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The Brown Political Review is a non-partisan political publication that seeks to promote ideological diversity. All of the views reflected in BPR’s content are views held by authors and not reflective of the views held by the wider organization or the Executive Board.

Julian Jacobs '19 is a Senior Staff Writer and Interviews Associate at BPR concentrating in Philosophy, Politics, and Economics (PPE). He is a former Opinion's Columnist for The Brown Daily Herald and the Founding Editor-in-Chief of the Brown University Journal of Philosophy, Politics, and Economics (JPPE).

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There are many reasons to be optimistic about global poverty rates. As The Economist reported, “between 1990 and 2010, [the number of people in poverty] fell by half as a share of the total population in developing countries, from 43% to 21%—a re...

Aid in Fragile States

There are many reasons to be optimistic about global poverty rates. As The Economist reported, “between 1990 and 2010, [the number of people in poverty] fell by half as a share of the total population in developing countries, from 43% to 21%—a re...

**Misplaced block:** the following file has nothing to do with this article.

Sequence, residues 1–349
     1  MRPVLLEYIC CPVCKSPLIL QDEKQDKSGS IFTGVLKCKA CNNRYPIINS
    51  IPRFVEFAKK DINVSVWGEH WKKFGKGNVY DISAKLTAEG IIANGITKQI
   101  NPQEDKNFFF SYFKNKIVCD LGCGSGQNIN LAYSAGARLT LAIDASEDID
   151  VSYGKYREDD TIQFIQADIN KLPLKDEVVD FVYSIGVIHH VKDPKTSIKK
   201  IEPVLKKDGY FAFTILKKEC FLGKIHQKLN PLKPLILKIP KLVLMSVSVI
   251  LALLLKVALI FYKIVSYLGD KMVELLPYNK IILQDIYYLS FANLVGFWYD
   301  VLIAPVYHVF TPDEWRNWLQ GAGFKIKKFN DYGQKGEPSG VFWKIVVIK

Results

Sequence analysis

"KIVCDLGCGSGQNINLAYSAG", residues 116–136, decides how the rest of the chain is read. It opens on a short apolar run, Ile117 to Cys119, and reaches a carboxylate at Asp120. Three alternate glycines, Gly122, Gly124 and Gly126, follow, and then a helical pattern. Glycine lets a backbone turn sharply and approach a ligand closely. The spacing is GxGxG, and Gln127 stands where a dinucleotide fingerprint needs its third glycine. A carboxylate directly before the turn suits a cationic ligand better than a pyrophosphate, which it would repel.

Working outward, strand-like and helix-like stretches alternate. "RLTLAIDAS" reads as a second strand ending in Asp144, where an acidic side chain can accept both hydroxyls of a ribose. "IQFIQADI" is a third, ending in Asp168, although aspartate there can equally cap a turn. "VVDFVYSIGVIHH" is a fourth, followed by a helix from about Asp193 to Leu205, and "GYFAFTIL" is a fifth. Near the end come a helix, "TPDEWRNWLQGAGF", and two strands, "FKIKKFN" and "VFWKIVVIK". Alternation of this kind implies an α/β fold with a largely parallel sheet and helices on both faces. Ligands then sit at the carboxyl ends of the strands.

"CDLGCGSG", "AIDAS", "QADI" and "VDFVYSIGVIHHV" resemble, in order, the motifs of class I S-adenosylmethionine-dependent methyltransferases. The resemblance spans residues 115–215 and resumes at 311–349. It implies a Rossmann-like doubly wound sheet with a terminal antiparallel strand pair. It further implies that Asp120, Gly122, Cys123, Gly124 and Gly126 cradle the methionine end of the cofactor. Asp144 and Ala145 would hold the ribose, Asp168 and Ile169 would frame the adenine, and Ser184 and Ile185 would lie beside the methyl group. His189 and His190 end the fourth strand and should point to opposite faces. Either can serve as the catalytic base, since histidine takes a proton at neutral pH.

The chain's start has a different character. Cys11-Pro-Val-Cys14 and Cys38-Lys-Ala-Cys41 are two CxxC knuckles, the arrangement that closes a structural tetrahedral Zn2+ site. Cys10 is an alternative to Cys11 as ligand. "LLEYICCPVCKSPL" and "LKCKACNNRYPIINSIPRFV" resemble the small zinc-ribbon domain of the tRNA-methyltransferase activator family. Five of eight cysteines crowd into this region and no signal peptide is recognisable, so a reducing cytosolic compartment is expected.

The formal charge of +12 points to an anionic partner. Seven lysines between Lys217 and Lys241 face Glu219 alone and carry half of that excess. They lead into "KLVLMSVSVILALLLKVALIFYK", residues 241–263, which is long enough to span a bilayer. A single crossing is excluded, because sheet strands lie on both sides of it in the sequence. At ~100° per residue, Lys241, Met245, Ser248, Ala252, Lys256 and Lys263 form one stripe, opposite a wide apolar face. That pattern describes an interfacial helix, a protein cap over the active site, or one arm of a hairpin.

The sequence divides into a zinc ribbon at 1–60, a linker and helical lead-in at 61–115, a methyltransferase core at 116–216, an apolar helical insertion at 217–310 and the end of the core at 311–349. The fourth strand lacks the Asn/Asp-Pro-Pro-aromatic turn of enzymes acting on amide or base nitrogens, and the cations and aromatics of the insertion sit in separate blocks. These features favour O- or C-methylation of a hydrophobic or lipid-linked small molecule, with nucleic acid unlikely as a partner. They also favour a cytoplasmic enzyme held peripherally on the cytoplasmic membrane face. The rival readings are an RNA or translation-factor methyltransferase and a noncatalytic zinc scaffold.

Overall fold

Peter Hitchens is an English journalist and author who has published six books, including “The Abolition of Britain,” “The War We Never Fought,” and “The Rage Against God.” In addition, he writes for The Mail on Sunday and...

BPR Interviews: Peter Hitchens

Peter Hitchens is an English journalist and author who has published six books, including “The Abolition of Britain,” “The War We Never Fought,” and “The Rage Against God.” In addition, he writes for The Mail on Sunday and...

“We’re out.” With this laconic declaration, the Daily Mail delivered Friday’s simple, momentous truth to a polarized Britain; the torrent of patriotism and triumph on one side was matched only by the apocalyptic lamentations of the other. The...

Tyranny in Britain

“We’re out.” With this laconic declaration, the Daily Mail delivered Friday’s simple, momentous truth to a polarized Britain; the torrent of patriotism and triumph on one side was matched only by the apocalyptic lamentations of the other. The...